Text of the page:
back to Poem of the Week

A Flower Garden At Coleorton Hall, Leicestershire by William Wordsworth

TELL me, ye Zephyrs! that unfold, 
While fluttering o'er this gay Recess, 
Pinions that fanned the teeming mould 
Of Eden's blissful wilderness, 
Did only softly-stealing hours 
There close the peaceful lives of flowers? 

Say, when the 'moving' creatures saw 
All kinds commingled without fear, 
Prevailed a like indulgent law 
For the still growths that prosper here? 
Did wanton fawn and kid forbear 
The half-blown rose, the lily spare? 

Or peeped they often from their beds 
And prematurely disappeared, 
Devoured like pleasure ere it spreads 
A bosom to the sun endeared? 
If such their harsh untimely doom, 
It falls not 'here' on bud or bloom. 

All summer long the happy Eve 
Of this fair Spot her flowers may bind, 
Nor e'er, with ruffled fancy, grieve, 
From the next glance she casts, to find 
That love for little things by Fate 
Is rendered vain as love for great. 

Yet, where the guardian fence is wound, 
So subtly are our eyes beguiled 
We see not nor suspect a bound, 
No more than in some forest wild; 
The sight is free as air--or crost 
Only by art in nature lost. 

And, though the jealous turf refuse 
By random footsteps to be prest, 
And feed on never-sullied dews, 
'Ye', gentle breezes from the west, 
With all the ministers of hope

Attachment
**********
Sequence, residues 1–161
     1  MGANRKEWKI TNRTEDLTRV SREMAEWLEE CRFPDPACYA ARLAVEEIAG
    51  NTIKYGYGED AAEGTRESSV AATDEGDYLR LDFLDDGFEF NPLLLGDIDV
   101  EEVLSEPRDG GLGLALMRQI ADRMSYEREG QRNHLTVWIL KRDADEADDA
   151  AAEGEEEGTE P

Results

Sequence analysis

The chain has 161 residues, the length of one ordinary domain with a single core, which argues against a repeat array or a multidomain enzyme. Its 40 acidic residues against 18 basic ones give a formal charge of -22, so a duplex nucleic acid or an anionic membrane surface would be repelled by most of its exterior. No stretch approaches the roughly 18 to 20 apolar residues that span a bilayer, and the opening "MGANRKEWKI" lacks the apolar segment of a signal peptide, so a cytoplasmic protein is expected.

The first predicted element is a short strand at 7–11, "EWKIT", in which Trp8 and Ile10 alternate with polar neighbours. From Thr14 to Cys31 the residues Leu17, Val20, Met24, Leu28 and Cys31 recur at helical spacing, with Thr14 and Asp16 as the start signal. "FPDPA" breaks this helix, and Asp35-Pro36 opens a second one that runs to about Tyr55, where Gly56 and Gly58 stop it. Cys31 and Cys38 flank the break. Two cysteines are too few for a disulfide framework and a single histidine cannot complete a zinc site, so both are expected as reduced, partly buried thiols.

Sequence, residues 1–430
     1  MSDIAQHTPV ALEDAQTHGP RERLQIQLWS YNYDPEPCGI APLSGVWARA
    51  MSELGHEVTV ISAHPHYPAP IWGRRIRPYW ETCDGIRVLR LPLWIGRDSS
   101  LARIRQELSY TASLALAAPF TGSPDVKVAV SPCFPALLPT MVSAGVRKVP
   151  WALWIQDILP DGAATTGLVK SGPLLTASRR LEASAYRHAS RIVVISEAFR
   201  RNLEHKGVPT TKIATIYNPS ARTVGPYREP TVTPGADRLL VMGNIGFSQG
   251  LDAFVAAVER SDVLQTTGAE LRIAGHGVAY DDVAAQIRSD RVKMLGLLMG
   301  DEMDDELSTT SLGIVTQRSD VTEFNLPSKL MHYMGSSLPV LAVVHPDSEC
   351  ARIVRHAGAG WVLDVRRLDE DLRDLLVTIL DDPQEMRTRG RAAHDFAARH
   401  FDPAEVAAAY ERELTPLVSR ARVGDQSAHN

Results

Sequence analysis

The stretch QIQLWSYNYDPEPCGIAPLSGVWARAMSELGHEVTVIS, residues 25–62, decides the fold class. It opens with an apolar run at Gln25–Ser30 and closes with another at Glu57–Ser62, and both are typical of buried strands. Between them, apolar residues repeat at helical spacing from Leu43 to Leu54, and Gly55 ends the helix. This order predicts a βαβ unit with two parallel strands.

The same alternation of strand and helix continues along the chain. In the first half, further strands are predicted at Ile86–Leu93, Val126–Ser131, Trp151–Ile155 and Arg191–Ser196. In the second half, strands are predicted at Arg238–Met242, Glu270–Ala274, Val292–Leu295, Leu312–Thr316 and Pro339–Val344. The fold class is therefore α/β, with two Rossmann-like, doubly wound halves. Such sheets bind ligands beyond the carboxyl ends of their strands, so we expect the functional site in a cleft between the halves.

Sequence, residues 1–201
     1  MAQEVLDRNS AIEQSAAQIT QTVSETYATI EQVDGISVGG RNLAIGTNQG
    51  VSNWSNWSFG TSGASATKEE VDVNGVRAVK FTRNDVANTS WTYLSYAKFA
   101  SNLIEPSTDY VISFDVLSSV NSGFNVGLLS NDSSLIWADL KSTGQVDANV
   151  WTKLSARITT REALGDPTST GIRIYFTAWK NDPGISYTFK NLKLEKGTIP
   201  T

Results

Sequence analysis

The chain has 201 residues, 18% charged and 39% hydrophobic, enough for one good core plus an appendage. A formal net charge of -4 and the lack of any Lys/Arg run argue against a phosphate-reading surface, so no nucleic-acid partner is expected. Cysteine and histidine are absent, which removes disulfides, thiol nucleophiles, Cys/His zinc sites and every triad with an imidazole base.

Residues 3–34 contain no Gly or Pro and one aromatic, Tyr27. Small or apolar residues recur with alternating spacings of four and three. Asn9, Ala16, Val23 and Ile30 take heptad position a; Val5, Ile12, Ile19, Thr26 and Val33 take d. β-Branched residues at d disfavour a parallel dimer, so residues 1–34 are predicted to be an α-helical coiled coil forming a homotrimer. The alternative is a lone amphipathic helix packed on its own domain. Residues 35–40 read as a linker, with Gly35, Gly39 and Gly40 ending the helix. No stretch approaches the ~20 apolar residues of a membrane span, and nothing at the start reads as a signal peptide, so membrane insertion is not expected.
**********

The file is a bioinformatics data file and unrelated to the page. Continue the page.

Are tempted to this sunny slope! 

And hither throngs of birds resort; 
Some, inmates lodged in shady nests, 
Some, perched on stems of stately port 
That nod to welcome transient guests; 
While hare and leveret, seen at play, 
'Appear' not more shut out than they. 

Apt emblem (for reproof of pride) 
This delicate Enclosure shows 
Of modest kindness, that would hide 
The firm protection she bestows; 
Of manners, like its viewless fence, 
Ensuring peace to innocence. 

Thus spake the moral Muse--her wing 
Abruptly spreading to depart, 
She left that farewell offering, 
Momento for some docile heart; 
That may respect the good old age 
When Fancy was Truth's willing Page; 
And Truth would skim the flowery glade, 
Though entering but as Fancy's Shade.


Poems are the property of their respective owners. All information has been reproduced here for educational and informational purposes to benefit site visitors, and is provided at no charge.


                   page created 08/03/11